Wow, what a great week. I spent three days in Cleveland, OH, at a conference aptly named I-9 Palooza! That’s right. Three days filled with all things I-9 and E-Verify!
Although nothing could match the excitement of I-9 Palooza, this week’s Fridays with Frank is still pretty cool.
Did You Just Call Me A Dummy? No! However, LawLogix (the company behind I-9 Palooza!) published a great paperback and e-book called Form I-9 & E-Verify for dummies. Not as extensive as the 122-page USCIS Form I-9 Handbook for Employers (M-274), it’s an excellent resource for employers and HR professionals to understand the Form-I-9 and E-Verify process and requirements better.
Sometimes Ya Gotta Do What Ya Gotta Do There are just some questions that keep me up at night. For example, if an eligible employee needs to take time off for a Family and Medical Leave Act (FMLA)-qualifying reason, can the employee decide whether the leave is designated as FMLA-protected? What if the employee is covered by a collective bargaining agreement that provides job-protected paid leave for specific family and medical reasons that could also be covered under the FMLA. Can the employees decide (or in some situations be required) to use the paid leave before taking FMLA leave? To help me sleep better, David Mohl, an attorney with Jackson Lewis, explained that the federal Department of Labor addressed these issues twice in 2019, first in a March opinion letter, and again with an opinion letter issued in September. Spoiler Alert: the answer was a resounding no!
Their Hands Must Be Cramping! The federal Department of Labor (DOL) also issued six additional opinion letters recently, addressing several issues under the Fair Labor Standards Act (FLSA) and Family and Medical Leave Act (FMLA). My friend Tammy McCutchen, a principal with Littler and former DOL Wage and Hour Administrator, provides a valuable summary of the opinion letters. She also introduces the DOL’s recently established Office of Compliance Initiatives (OCI), which is tasked with providing compliance assistance to employers.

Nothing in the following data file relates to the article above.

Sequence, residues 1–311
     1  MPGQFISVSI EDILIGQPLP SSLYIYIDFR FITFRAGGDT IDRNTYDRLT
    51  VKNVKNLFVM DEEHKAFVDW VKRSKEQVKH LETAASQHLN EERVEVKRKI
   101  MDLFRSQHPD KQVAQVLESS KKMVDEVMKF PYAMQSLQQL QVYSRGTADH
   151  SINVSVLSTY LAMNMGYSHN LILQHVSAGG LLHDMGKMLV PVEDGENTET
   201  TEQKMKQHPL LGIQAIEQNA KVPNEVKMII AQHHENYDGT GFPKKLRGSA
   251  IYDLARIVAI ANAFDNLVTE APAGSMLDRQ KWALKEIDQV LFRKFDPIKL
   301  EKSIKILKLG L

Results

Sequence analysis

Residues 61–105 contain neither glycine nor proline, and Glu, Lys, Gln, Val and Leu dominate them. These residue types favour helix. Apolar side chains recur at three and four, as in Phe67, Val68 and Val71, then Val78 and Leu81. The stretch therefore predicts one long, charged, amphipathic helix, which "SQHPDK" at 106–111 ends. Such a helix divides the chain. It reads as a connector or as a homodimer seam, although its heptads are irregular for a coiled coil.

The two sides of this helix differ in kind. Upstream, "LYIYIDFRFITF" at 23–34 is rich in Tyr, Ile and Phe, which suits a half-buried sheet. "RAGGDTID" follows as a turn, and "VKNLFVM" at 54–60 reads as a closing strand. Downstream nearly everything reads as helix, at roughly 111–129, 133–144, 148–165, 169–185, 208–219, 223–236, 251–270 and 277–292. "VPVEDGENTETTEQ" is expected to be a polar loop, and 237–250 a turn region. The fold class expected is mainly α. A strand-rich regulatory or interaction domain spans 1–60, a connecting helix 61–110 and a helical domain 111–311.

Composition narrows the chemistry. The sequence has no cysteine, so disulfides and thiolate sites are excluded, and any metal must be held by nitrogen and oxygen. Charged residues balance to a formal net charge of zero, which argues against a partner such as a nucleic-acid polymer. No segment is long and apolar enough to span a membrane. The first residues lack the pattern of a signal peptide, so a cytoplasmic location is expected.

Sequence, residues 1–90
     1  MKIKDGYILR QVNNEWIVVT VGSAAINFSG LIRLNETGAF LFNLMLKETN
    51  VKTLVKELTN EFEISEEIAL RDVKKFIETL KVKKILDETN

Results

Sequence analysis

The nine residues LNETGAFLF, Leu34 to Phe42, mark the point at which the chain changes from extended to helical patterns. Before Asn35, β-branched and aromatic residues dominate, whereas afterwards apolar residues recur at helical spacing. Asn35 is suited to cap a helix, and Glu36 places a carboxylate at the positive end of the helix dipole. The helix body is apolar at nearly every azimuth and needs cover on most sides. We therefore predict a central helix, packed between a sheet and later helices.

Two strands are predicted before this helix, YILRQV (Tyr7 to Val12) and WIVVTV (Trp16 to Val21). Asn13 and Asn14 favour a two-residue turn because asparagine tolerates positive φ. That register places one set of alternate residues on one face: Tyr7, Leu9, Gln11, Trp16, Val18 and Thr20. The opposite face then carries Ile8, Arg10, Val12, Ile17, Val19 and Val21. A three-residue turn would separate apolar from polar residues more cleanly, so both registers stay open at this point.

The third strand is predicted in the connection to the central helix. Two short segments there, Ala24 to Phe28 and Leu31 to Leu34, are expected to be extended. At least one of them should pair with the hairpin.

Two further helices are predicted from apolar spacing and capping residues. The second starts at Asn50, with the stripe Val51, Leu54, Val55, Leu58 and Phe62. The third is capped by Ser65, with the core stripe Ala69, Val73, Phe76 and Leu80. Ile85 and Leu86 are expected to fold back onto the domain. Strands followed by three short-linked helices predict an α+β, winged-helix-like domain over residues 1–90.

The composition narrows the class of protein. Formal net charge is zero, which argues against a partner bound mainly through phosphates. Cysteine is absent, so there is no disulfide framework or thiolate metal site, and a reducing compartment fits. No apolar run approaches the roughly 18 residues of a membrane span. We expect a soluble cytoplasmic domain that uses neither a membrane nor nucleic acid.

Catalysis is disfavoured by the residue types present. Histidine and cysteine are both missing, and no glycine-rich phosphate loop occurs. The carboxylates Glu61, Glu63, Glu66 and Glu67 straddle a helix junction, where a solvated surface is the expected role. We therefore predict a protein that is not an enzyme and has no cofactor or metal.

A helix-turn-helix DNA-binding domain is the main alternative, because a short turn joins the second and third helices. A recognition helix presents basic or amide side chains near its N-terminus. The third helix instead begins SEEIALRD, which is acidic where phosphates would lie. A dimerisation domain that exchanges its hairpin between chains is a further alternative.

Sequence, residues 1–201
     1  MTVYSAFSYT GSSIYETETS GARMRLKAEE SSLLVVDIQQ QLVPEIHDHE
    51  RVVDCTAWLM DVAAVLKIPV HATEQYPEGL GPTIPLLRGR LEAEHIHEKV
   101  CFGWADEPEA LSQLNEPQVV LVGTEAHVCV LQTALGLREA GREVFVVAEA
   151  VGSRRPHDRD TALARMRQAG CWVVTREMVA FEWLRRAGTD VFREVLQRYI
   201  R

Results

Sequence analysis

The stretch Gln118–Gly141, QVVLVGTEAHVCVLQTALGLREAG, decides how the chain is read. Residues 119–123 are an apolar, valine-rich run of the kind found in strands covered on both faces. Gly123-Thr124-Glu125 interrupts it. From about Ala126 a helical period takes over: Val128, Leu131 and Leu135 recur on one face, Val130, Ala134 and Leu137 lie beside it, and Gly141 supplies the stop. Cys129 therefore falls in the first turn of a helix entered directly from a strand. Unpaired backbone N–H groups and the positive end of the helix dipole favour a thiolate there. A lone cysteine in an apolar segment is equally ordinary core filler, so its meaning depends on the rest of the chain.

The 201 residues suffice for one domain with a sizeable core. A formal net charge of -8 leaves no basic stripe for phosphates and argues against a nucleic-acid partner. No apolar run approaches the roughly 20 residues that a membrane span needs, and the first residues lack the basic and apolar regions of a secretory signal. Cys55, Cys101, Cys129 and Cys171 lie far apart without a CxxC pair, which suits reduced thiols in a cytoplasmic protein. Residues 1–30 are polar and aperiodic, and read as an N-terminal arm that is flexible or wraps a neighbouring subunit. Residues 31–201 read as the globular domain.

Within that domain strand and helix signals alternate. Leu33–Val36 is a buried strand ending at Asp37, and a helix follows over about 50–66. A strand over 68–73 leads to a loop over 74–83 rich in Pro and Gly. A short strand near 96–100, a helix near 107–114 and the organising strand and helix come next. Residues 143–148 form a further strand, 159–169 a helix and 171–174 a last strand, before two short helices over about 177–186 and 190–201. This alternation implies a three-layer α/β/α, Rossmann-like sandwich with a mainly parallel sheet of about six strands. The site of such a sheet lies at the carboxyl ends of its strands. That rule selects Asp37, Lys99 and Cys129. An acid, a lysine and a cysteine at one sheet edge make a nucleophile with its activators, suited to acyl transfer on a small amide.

I Love You All…Goodbye! If you’re like me, you’ve left a job or two in your career. Some provided fond memories, and with others, I was thrilled never to look back. In this episode of, “Say What?” we’ll learn about Deanna Evans, who, in her resignation letter, called her seven years with her employer a “great experience,” and offered to do what she could to help “make this transition easier for the company,” including “assisting in recruiting and training [her] replacement.” Then she sued her former employer for hostile work environment constructive discharge. I’ll let Eric Meyer, partner with FisherBroyles and author if The Employer Handbook blog, explain the rest. Take it away, Eric!
Well, That’s A Hoot! Back in 1997, Hooters Restaurants (think chicken wings, beer, and, umm, well you know the place) was sued for discrimination because they refused to hire males as servers. That’s when many of us became familiar with the term Bona Fide Occupational Qualification, or BFOQ. Title VII of the Civil Rights Act of 1964 lets companies discriminate, in this case on the basis of sex, where doing so is a bona fide occupational qualification reasonably necessary to the normal operation of that particular business. Enter Sactacular Holdings, LLC d/b/a Adam & Eve (I kid you not, I couldn’t make up a company name like that if I tried!), a North Carolina company being sued by the Equal Employment Opportunity Commission for refusing to hire Christopher Kilby, or any male applicants based on their sex. You bring the wings I’ll get the beer, and we can watch this one together!
Thanks for spending a small part of your day with me and have a great weekend!
Posted by Frank Cania, president of HR Compliance Experts LLC.
Please feel free to contact Frank at email@example.com, or 585-380-1566 with questions or for more information.
Disclaimer: This content is for informational purposes only, does not constitute a legal opinion, and is not legal advice. The facts of each situation should be considered and analyzed individually. Therefore, you should always consult with competent employment counsel regarding any issues discussed here.
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